Portland Public Schools choirs will no longer perform at the Grotto’s Christmas Festival of Lights holiday concert following a complaint from a watchdog group.
The Grotto, a botanical garden and Catholic shrine, annually hosts a Christmas choral festival featuring choirs from churches, schools and other organizations. The Northeast Portland sanctuary celebrated the 25th anniversary of the festival in 2012.
Choirs from Lane Middle School and Grant, Cleveland, Wilson and Lincoln high schools were set to perform this year, according to district spokeswoman Christine Miles. She didn’t know exactly how many years district choirs had participated, but said one retired teacher told her it had been decades.
However a complaint from the Wisconsin-based Freedom from Religion Foundation has put a stop to the tradition. The foundation’s goal is to promote the separation of church and state, according to its website.
The district received a complaint from the foundation citing concerns with students performing at a religious venue and that admission is charged for the festival, Miles said. She said the district’s legal team reviewed the complaint and found that the district could be at risk of legal action if choirs continued to participate. The district informed staff of the decision last month.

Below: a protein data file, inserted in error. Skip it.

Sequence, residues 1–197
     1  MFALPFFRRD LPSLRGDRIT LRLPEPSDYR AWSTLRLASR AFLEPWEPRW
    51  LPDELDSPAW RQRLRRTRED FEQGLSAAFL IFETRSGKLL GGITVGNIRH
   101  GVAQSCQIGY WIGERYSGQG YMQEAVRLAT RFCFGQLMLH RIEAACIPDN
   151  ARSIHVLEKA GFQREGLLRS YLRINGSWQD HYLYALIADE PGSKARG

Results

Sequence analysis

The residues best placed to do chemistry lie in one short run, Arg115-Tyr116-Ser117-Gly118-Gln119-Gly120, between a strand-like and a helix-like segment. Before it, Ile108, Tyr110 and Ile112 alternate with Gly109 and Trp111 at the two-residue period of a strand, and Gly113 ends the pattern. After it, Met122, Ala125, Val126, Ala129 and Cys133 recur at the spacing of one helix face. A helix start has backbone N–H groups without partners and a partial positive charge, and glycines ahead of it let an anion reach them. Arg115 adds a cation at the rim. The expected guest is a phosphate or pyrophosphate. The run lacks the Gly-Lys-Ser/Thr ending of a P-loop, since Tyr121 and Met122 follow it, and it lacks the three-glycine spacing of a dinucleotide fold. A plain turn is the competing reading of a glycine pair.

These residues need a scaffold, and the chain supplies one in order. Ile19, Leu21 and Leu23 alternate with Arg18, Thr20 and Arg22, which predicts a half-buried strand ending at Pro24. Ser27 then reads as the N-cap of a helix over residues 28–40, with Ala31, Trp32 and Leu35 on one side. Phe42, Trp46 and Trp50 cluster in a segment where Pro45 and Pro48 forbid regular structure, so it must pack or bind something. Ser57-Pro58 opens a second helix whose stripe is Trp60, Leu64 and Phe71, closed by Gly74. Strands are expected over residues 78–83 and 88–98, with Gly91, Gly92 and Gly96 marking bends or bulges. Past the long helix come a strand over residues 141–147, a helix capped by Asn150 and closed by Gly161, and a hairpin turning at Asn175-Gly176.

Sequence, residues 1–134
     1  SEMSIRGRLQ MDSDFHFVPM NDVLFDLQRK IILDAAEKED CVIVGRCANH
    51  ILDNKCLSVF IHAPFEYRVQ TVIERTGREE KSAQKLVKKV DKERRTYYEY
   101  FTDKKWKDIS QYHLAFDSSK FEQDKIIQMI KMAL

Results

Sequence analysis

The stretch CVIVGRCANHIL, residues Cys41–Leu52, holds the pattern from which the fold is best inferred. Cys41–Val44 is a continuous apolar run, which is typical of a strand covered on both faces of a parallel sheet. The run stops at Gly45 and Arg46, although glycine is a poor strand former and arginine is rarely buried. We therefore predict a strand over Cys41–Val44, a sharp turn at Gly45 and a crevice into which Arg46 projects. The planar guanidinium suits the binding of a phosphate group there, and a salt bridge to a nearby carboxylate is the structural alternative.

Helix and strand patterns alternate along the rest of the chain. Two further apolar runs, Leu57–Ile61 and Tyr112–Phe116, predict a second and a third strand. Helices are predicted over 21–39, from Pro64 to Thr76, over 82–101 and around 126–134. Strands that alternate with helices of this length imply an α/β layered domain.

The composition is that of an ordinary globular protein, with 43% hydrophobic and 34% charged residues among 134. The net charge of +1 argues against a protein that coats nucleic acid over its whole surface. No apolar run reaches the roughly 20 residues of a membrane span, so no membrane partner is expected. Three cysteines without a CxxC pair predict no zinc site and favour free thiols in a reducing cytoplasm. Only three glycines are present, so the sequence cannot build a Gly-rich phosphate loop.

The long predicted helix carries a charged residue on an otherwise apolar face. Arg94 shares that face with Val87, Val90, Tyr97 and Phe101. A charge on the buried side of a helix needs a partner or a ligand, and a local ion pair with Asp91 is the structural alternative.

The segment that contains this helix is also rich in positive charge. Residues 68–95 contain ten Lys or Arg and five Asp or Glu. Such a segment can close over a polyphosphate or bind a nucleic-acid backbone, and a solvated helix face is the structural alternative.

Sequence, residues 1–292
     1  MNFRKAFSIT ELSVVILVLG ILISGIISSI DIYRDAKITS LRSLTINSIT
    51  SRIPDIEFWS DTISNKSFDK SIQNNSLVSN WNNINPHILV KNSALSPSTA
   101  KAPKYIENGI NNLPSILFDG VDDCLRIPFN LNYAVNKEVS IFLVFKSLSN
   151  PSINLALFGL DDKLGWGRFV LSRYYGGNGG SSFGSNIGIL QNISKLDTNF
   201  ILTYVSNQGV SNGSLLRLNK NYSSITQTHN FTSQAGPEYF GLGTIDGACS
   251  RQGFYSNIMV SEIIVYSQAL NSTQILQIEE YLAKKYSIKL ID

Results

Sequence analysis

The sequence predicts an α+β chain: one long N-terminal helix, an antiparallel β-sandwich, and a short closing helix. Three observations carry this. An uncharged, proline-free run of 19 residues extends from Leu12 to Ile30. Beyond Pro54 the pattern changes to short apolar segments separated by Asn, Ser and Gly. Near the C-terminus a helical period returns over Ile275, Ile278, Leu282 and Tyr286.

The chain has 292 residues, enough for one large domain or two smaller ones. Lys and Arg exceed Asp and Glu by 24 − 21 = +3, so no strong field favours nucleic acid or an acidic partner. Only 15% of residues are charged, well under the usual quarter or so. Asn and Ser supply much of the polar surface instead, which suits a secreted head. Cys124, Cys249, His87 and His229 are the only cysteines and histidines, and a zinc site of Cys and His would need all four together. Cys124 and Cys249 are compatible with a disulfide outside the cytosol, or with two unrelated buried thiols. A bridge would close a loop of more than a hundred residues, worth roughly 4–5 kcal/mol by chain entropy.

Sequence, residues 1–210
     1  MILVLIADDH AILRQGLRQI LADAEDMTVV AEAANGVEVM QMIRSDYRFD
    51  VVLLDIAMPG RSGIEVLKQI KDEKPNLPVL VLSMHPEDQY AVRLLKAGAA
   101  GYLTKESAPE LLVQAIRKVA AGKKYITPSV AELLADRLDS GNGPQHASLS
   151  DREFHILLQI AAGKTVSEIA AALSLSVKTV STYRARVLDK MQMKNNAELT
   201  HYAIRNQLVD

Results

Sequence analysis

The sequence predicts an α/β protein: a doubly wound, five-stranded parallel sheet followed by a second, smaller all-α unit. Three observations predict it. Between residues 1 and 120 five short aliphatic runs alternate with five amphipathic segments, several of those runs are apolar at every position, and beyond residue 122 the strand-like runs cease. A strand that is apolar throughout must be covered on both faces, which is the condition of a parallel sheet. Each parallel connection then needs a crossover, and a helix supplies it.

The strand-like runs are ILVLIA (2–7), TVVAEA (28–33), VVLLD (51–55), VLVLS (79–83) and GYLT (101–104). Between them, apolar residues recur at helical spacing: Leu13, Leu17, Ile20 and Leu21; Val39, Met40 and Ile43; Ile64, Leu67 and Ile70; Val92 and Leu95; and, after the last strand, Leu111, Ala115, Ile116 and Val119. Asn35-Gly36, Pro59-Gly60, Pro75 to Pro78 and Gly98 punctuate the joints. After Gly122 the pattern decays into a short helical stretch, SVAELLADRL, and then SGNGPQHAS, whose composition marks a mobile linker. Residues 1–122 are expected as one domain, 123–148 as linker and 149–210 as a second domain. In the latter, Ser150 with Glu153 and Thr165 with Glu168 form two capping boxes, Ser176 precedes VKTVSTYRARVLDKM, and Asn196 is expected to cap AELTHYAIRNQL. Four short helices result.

“It was a sad decision for us to make and it was a hard decision,” Miles said. “If we know there is a legal risk and we don’t do anything, then that’s not the right thing to do.”
Annie Laurie Gaylor, co-president of the Freedom from Religion Foundation, said student participation at a religious event shows endorsement for that faith and leaves out non-believers.
“Just because it’s a tradition doesn’t mean its legal,” Gaylor said. “Whole generations of students in Portland are being sent the message that it’s fine for public schools to promote Catholic events.”
Gaylor said she appreciated the district’s decision. She didn’t know if the foundation had also received complaints about other schools performing at The Grotto.
Choir directors are disappointed that their students will miss out on performing in The Grotto’s chapel, which is known for its high quality acoustics, Miles said. She said the district had never gotten a complaint about the festival before.
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